A joint research proposal between University of Warwick scientists at Warwick HRI and researchers in the Universitys Department of Politics and International Studies has won a £316,000 grant from the Research Councils’ Rural Economy and Land Use programme for a project on the science and regulation of bio-pesticides.
Consumers, retailers and environmentalists are calling for reductions in the use of chemical pesticides. One potentially environmentally friendly solution is to use so-called bio-pesticides, which are based on naturally occurring living organisms, such as fungi that attack insects. However there is a need for a greater scientific understanding of the operation of these bio-pesticides and in particular their impact on the sustainability of pest management. There is also a requirement to evaluate the effect of government regulations on the development and uptake of bio-pesticides. The current regulatory system was designed for chemical pesticides, and innovations may be required to make it more suitable for the use of bio-pesticides.
This programme will draw on research strengths both in biological and social sciences. Warwick HRI’s new status as part of the University of Warwick has facilitated the creation of just such a research partnership of Warwick HRI bio-pesticide scientist Dr Dave Chandler and leading rural economy and society researcher Professor Wyn Grant in the University of Warwick’s Department of Politics and International Studies.
Peter Dunn | alfa
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Hydrogen is regarded as the energy source of the future: It is produced with solar power and can be used to generate heat and electricity in fuel cells. Empa researchers have now succeeded in decoding the movement of hydrogen ions in crystals – a key step towards more efficient energy conversion in the hydrogen industry of tomorrow.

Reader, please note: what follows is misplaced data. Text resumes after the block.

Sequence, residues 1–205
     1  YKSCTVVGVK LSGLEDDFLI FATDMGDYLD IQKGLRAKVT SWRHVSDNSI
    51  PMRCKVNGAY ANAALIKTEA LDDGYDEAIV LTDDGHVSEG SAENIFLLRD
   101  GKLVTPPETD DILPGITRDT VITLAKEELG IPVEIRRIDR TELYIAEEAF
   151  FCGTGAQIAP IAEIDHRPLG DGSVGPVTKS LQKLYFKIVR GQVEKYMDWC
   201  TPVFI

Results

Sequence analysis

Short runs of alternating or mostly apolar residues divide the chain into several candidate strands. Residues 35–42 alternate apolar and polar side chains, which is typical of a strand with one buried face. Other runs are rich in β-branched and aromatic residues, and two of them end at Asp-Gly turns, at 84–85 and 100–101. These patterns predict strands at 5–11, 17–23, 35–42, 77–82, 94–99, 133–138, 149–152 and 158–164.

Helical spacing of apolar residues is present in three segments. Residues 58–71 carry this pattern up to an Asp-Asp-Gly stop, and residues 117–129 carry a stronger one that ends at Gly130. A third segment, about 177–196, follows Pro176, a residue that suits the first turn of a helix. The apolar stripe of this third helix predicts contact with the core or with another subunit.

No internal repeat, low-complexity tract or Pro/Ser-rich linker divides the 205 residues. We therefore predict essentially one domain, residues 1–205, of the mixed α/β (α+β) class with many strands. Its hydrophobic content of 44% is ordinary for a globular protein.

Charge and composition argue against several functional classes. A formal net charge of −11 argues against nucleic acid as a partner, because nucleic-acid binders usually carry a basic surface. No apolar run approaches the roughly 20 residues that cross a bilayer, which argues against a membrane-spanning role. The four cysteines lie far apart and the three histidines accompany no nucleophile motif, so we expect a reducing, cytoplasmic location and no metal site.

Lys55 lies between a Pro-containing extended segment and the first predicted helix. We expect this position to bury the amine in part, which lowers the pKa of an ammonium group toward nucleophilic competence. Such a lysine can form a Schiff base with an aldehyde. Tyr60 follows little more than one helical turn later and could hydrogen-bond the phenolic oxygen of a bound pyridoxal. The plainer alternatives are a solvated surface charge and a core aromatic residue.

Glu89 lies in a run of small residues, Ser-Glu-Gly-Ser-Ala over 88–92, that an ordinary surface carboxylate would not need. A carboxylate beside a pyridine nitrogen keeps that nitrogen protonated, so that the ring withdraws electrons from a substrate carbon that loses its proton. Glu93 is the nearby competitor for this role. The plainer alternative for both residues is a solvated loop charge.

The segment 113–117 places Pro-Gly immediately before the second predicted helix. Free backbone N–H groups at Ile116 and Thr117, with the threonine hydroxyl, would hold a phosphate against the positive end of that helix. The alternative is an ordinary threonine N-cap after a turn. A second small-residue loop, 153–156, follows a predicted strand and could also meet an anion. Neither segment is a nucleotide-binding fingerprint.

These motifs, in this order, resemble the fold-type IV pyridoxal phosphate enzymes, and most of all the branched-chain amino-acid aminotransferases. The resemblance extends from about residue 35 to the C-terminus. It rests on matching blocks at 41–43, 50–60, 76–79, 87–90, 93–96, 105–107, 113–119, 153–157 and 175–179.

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Scientists from the Excellence Cluster Universe at the Ludwig-Maximilians-Universität Munich have establised "Cosmowebportal", a unique data centre for cosmological simulations located at the Leibniz Supercomputing Centre (LRZ) of the Bavarian Academy of Sciences. The complete results of a series of large hydrodynamical cosmological simulations are available, with data volumes typically exceeding several hundred terabytes. Scientists worldwide can interactively explore these complex simulations via a web interface and directly access the results.
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Temperature measurements possible even on the smallest scale / Molecular ruby for use in material sciences, biology, and medicine
Chemists at Johannes Gutenberg University Mainz (JGU) in cooperation with researchers of the German Federal Institute for Materials Research and Testing (BAM)...
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